On paper, the new HBO comedy Veep appears to have been created in a laboratory specifically for me. As a political scientist, I’m a sucker for shows or movies set in the world of politics, especially those that focus on either the executive branch of the judiciary (the legislative branch generally bores me). The West Wing, Ides of March, An American President, Mr. Smith Goes to Washington, Bob Roberts and Parks and Recreation are all things that I was drawn to and enjoyed. As a Seinfeld devotee, I’m always happy to see one of the former cast members in something and I have a special fondness for Julia Louis-Dreyfus.  I always identified with Elaine in a lot of ways, especially when Kramer referred to her as a “man’s woman. You hate other woman and they hate you.” I’ve always gotten along better with men and a lot of women don’t like me because of that. Add in a former Arrested Development cast member Tony Hale(Buster Bluth) and all the ingredients are there for me to totally fall in love with this show.

So I was a little disappointed when I didn’t.

Veep isn’t a bad show. Not by any stretch. There is a lot to like about it. But I was kind of stunned when the end of the show came and I wasn’t bowled over. As I’ve written before, comedy pilots are especially difficult to do well and Veep may have suffered the burden of my too high expectations. I was so excited about the show that it was going to be difficult for it to live up the hype. I usually try to temper my anticipation, but this show seemed to be so in my wheelhouse that I failed to do that this time.

Growing up, no kid dreams of being Vice President. Neither do any politicians – the office is either a stepping stone for their own run for president or is a conciliation prize for their failed attempt to become commander in chief. It is never the actual planned destination. One of the reasons for this is that the vice president doesn’t inherently have a lot to do except for break ties in the Senate and wait for the president to die. It’s really up to the president how much they want to give the VP to do – Clinton and especially George W. Bush opted to give their respective second in commands more to do. George H.W. Bush tried to hide his VP as much as possible.

Louis-Drefyus’ Selina Meyer falls more into the latter category and that may not necessarily be a bad idea. A failed candidate for the presidency, Meyer and her staff seem incapable of totally getting their act together. A lot of the first episode is spent with her team trying to put out fires, mostly of their own making. While this isn’t great for the executive branch, it is a lot of fun to watch.  Their situation isn’t made any better by the President’s complete disinterest in her; a running joke is Meyer asking her assistant if the President has called. The answer is always no. Their only interaction with Oval Office is the smarmy twenty-something liaison that is sent to give the Veep her marching orders. Her entire staff hates him, probably because they realize that even at his lowly station at the White House, he is more important than they are. In the pilot, Meyer is sent to fill in for the President at an event. When the Oval Office completely overhauls her speech at the last minute, she is forced to speak off the cuff and unscripted. It does not end well.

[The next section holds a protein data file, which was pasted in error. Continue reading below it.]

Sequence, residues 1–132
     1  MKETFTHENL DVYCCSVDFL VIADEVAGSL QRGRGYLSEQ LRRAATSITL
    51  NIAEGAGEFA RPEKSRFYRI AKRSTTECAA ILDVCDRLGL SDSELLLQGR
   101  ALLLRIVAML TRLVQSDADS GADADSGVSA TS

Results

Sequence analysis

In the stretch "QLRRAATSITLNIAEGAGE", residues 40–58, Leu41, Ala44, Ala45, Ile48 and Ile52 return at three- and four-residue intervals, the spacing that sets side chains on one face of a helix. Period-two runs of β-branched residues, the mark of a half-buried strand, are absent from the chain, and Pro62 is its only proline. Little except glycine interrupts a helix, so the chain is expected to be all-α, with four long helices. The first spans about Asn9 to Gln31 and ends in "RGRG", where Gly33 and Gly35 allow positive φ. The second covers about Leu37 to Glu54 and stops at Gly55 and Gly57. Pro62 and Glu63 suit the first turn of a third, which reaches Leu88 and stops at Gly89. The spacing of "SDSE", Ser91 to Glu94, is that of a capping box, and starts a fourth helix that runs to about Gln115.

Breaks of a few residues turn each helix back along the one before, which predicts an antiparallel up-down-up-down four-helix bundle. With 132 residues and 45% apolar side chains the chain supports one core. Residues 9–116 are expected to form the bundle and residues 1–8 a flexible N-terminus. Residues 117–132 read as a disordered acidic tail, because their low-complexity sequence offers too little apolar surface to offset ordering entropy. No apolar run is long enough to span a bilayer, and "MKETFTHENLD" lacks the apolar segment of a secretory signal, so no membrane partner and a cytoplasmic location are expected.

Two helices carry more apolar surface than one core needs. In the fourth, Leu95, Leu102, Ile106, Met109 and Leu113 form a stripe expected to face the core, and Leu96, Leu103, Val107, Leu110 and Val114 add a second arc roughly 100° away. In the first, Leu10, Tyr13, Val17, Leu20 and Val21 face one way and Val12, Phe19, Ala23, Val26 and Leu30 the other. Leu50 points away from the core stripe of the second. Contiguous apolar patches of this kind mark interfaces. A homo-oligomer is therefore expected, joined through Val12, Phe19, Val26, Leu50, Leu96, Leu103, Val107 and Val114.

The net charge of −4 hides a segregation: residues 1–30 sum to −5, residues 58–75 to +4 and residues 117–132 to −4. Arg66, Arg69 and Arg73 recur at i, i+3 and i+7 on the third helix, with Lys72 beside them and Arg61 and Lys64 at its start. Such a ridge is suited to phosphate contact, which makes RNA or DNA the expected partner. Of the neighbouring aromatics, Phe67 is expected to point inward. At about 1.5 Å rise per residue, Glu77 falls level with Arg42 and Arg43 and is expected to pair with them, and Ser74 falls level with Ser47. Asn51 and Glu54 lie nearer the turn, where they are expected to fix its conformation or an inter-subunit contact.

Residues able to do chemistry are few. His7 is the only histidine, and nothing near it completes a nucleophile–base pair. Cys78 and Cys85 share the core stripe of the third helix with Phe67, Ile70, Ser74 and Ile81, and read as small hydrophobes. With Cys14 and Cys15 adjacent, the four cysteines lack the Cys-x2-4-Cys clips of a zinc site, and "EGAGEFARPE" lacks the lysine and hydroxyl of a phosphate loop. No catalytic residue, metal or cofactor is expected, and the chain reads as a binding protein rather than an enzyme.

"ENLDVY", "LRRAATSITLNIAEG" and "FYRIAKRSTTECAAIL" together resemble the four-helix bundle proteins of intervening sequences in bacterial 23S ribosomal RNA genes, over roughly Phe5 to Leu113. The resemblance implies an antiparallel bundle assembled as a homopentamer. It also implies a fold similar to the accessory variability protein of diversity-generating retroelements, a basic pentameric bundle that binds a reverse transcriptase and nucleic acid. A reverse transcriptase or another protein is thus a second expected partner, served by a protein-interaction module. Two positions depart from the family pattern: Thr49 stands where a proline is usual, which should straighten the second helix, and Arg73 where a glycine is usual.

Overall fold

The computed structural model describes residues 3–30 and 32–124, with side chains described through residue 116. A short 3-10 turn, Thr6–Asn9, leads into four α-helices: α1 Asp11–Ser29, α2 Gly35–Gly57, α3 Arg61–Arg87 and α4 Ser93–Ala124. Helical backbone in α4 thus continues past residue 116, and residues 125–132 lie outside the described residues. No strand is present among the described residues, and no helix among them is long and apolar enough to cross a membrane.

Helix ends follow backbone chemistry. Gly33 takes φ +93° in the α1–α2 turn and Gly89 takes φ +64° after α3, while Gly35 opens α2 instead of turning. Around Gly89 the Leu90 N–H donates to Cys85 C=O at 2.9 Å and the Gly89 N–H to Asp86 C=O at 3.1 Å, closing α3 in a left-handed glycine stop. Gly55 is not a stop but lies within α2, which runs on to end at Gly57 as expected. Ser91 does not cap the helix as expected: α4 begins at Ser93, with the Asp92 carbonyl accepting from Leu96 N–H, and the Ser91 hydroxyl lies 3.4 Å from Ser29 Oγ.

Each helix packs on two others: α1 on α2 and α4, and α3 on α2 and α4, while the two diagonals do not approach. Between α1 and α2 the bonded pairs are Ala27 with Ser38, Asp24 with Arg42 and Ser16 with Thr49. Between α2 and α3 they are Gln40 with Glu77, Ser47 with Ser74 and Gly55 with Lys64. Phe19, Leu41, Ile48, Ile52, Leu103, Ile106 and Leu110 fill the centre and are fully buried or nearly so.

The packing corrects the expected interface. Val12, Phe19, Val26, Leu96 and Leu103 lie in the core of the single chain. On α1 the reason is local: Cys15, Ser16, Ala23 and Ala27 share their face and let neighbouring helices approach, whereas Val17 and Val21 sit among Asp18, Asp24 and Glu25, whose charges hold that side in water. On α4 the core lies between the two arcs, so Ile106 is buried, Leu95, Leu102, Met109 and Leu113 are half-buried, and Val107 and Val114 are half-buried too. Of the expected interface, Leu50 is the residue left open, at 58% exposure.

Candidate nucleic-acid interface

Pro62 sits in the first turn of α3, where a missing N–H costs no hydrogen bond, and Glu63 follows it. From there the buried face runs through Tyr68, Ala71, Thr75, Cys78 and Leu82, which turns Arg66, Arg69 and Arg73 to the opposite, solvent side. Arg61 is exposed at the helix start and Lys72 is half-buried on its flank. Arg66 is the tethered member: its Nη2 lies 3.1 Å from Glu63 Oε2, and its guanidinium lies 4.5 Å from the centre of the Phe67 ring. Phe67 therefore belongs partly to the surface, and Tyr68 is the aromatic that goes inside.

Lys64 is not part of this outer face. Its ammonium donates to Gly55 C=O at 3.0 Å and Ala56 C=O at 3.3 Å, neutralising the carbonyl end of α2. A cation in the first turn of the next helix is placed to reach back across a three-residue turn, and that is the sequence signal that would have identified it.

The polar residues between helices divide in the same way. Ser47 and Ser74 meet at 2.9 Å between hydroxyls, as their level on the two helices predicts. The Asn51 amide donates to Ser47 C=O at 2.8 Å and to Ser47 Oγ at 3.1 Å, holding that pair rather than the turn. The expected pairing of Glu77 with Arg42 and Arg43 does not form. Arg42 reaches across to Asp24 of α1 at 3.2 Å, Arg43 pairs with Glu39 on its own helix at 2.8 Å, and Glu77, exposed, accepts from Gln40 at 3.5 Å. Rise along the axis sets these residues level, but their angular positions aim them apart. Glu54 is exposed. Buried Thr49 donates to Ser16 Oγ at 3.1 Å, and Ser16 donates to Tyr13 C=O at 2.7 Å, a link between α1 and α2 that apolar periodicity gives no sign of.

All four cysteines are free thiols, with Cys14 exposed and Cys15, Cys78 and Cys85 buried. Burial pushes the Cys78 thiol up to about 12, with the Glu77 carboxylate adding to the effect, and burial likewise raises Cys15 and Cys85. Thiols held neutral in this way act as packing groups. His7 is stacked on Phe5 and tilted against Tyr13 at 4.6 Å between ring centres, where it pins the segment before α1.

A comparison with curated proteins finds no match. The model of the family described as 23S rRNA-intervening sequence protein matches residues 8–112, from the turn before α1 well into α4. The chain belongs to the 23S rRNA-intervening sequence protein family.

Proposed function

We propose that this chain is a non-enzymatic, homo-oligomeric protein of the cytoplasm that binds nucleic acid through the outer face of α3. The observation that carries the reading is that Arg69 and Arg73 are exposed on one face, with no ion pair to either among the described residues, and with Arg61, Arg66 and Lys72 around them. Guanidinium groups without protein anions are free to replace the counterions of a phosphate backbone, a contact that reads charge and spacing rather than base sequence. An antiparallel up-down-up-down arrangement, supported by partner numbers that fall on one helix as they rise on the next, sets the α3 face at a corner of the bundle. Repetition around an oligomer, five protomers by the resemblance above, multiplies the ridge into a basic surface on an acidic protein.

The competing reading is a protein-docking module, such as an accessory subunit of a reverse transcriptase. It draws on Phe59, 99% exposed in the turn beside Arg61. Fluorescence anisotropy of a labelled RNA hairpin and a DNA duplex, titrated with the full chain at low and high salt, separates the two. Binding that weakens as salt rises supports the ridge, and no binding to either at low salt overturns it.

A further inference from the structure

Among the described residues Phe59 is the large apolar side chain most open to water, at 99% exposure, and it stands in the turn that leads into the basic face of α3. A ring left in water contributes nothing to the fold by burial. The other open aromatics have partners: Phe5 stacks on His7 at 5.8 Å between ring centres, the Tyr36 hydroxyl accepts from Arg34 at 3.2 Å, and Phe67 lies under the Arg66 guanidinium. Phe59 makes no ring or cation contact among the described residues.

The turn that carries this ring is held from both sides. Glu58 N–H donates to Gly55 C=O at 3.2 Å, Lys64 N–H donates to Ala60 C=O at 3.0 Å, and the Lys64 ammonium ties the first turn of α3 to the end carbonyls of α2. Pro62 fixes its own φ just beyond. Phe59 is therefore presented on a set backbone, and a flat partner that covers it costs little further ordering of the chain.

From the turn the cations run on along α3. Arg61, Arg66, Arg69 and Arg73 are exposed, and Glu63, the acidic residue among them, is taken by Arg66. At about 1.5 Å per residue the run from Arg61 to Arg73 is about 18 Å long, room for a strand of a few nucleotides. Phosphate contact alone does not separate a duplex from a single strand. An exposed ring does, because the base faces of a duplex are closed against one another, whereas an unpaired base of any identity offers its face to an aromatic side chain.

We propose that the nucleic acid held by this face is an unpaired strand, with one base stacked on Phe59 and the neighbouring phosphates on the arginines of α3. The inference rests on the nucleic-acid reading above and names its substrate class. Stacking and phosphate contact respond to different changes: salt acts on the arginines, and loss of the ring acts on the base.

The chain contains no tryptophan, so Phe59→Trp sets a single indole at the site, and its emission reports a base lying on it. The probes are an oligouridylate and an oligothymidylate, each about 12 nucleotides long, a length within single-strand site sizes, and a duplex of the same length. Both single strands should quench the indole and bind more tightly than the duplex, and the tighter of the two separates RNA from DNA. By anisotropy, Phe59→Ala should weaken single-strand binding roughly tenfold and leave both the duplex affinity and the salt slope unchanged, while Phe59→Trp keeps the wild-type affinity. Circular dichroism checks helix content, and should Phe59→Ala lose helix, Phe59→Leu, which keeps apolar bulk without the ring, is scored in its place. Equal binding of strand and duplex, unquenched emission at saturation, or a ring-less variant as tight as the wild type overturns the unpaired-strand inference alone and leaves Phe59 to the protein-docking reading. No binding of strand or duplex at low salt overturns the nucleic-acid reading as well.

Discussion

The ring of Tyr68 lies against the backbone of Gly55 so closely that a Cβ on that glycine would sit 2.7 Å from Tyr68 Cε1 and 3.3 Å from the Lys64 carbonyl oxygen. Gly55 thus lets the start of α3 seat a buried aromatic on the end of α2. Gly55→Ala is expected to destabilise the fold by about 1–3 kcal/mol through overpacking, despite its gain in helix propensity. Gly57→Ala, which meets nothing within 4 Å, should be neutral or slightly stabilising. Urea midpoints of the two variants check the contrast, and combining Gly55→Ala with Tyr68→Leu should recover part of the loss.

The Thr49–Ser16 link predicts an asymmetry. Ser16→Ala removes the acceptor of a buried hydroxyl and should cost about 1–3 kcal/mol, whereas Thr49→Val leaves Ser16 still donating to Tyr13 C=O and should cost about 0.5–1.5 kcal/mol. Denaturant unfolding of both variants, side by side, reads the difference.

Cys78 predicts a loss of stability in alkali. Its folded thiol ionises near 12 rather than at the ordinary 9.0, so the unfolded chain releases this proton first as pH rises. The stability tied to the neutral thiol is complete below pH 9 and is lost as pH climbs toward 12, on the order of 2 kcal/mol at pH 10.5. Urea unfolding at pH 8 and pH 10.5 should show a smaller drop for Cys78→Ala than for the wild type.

Julia Louis-Dreyfus is very funny as the somewhat ditzy Vice President. I don’t know if it is my history with her as an actress, but I am predisposed to laugh at anything that she is in. She has great comic timing and I am looking forward to seeing what she does with this role. The rest of the supporting cast is strong as well, with Hale, Anna Chlumsky and Matt Walsh.

My main issue with the pilot was that it wasn’t quite as funny as I expected. There is a lot going on and with the rapid dialogue it wasn’t always clear what was always going on. I think that style will be fine once we get to know the characters, but for the first episode it was a little confusing. Not Game of Thrones confusing, but enough that it distracted me a bit from what was going on. There is a lot of cussing in the show and that isn’t something that I am against. However I thought they relied a little too much on cursing as the punch line in the pilot. As I mentioned in my Jim Jefferies review, there needs to be more to a joke than it is just shocking or using somewhat shocking language.

What is interesting about the show it that it is fairly apolitical – you never know what party the administration represents. One of the reasons I stopped watching the West Wing was I thought the show was getting a little too preachy in its politics week in and week out. That doesn’t appear to be an issue with Veep. While there are some references to issues, they are mostly secondary and fairly benign. There has also been some speculation before the pilot aired that this show was somehow based on Sarah Palin. That is not the case. People were apparently making that assumption based solely on the fact that the show features a female vice president.

Though I didn’t fall in love with Veep, I definitely fell in like with it and I will be back to see how the show progresses. The pilot was a very solid opening entry and I look forward to seeing what other shenanigans Meyer and her bumbling staff manage to get themselves into.

The pilot episode of Veep is available on HBO On Demand, HBO Go, iTunes and youtube.

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